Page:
[Newbies] Uploading Patches and Enabling Features in
herbertkoenig at gmx.net
Thu Mar 8 19:33:38 UTC 2007
This one should have hone to the list.
Right now I'll start playing with my mail client so that I don't reply
off list inadvertently.
Ron is not talking to himself. Sorry!
let's continue our totally newbie-ish discussion :-)
Ron you're doing this nice and systematically, be sure I will archive
this thread as long as it goes.
Name mangling as Bert suggests is a way to protect intellectual
property while the majority of points in this discussion are about
protecting the income of the software supplier.
If a system is big enough (in lines of code) I would trust name
mangling a lot. It is a bit compromised by polymorphism. Identical
method names must have identical mangled names if it is an automated
I was very close to using it twice (in Lisp), so I gave it serious
RT> 1) A system must be able to enable features for a single instance and
RT> prevent those features from being shared to other systems.
If you combine name mangling with individual crypting you can build
modules which will only load into a single instance of the software.
RT> 2) A system could be able to detect features being used inappropriately
Will be unnecessary then.
RT> 3) A system could be able to periodically check for permission (trial
Smalltalk has one advantage here with being image based. If part (or
all) of the users data are always stored in the image you can keep a
timer in the system which detects a set back system clock. Again we
run such a timer in the hardware lock which also contains the end of
RT> Hardware encryption is more costly then software.
Yea, the way to go is to have one medium into which several software
suppliers put their security codes. I guess the people from the link I
provide have exceeded their initial goal to sell 1 million of their
devices. I'm unhappy that I'm advertising here but those are serious
guys and we do business with them for more than a decade.
Imagine a dongle combined with a usb stick. The software suddenly
becomes a physical possession. People are used to dealing with
valuables for millennia. As soon as a stolen software connects to the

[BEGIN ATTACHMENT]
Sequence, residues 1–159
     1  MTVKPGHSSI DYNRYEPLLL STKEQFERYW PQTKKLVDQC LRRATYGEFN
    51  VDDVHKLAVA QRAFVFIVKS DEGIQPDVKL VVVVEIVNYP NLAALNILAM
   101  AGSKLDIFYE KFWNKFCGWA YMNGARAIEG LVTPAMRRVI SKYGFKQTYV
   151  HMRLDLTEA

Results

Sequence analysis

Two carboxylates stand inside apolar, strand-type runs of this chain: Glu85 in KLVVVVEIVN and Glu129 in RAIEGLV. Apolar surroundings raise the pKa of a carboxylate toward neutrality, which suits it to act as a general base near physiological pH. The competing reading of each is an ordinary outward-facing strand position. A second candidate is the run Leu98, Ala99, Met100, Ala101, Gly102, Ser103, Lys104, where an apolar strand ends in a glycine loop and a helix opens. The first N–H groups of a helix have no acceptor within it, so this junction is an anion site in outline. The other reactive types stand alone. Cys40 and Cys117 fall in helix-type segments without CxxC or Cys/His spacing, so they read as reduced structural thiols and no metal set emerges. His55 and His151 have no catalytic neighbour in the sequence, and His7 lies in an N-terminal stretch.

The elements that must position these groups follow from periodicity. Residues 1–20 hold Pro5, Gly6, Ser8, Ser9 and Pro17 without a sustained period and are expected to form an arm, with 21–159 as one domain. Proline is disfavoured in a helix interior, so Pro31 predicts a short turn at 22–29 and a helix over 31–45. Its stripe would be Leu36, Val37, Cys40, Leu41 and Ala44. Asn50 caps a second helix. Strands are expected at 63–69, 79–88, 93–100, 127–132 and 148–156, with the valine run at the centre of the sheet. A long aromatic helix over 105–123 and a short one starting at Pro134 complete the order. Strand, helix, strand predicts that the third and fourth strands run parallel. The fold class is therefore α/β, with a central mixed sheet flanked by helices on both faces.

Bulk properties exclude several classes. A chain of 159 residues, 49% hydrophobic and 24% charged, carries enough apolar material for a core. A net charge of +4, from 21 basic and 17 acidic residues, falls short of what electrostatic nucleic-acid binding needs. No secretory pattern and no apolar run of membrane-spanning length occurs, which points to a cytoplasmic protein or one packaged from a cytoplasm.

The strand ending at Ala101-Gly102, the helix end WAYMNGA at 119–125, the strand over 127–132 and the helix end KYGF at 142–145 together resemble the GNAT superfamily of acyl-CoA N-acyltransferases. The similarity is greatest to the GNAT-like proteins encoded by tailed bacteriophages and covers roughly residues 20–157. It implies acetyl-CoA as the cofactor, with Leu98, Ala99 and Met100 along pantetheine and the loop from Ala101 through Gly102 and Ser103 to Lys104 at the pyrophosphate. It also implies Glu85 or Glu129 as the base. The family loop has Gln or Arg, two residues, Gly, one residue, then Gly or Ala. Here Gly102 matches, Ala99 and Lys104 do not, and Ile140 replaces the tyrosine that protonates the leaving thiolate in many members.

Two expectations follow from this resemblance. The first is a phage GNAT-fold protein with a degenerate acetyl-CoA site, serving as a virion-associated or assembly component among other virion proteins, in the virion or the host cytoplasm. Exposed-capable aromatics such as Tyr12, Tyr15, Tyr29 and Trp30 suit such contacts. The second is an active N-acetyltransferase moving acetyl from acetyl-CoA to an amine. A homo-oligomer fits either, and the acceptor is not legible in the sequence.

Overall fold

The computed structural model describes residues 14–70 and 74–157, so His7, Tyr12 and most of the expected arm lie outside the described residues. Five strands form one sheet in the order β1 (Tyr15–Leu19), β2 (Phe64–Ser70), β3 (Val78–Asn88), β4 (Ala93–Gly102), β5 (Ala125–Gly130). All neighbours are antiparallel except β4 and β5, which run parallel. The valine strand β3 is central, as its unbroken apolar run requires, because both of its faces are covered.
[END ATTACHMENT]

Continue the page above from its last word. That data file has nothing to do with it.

Internet the dongle (with all contained software) can be invalidated.
RT> Dongles have some issues, they are usually but not always only one factor
RT> (if you have the dongle the system works), they break or can be lost, and
RT> some are easily cracked (so it's important that the value of the software is
Like some software locks too, I cracked one by accident. OTOH I once
worked for a man who replicated a dongle to learn how to use gate
RT> less then the amount of work to make your own, or that the dongles be unique
RT> per installation so that the selling of a cracked dongle is not profitable).
We have it this way though I personally dislike the effort it takes
building updates and upgrades.
RT> Also because the dongle links the computer to the software and not the user
RT> to the software unauthorized users can still access the software. A good
RT> example is when a user leaves the dongle attached to the computer and goes
RT> to lunch.
I never tried but I believe that I can go to a computer, start IE, and
export any certificate to my usb stick with no one the wiser. That
leaves the password which in practice is easily hacked. Easy in a
statistical meaning, as you already observed people don't care about
security until it's too late.
Next week I'll try if exporting a certificate already needs the
I would have to steal the dongle though. At least this wouldn't go
unnoticed. A call to the supplier could lock that dongle and a
replacement can be bought for the costs of the dongle.
RT> I do think that having hardware authentication is a good idea and it does
RT> make things much easier to verify when the crypto code is in the hardware.
RT> I still wonder why it is that they are not more widely used.
Here in Germany you can choose between several suppliers of dongles
many of them in the business for a long time. Autodesk have used
Dongles for very long until 2000 in Europe. They sell a lot :-))
I know of vendors moving towards a dongle and others giving up on the
RT> As for email, until the certificates are free and the software does all the
RT> work for you, (hardware or not), I doubt we will see much more acceptance.
I totally agree.
RT> In the system that I'm building it is all automatic. If you use my software
RT> and then write an email to your doctor it automatically sends it encrypted
>>from your regular email program. Or if you fill out a personalized template
RT> online to communicate with your doctor it is also sent encrypted with your
RT> certificate so that the doctor (and the insurance company) knows they are
RT> talking to the real patient.
How do you assure the identity of the patient the first time? How do
you assure the correct initial recipient?
I always enjoy this line of thought, I got my first contract because I
broke a protected software in front of the protector :-)
Thank you for reading!
Herbert mailto:herbertkoenig at gmx.net
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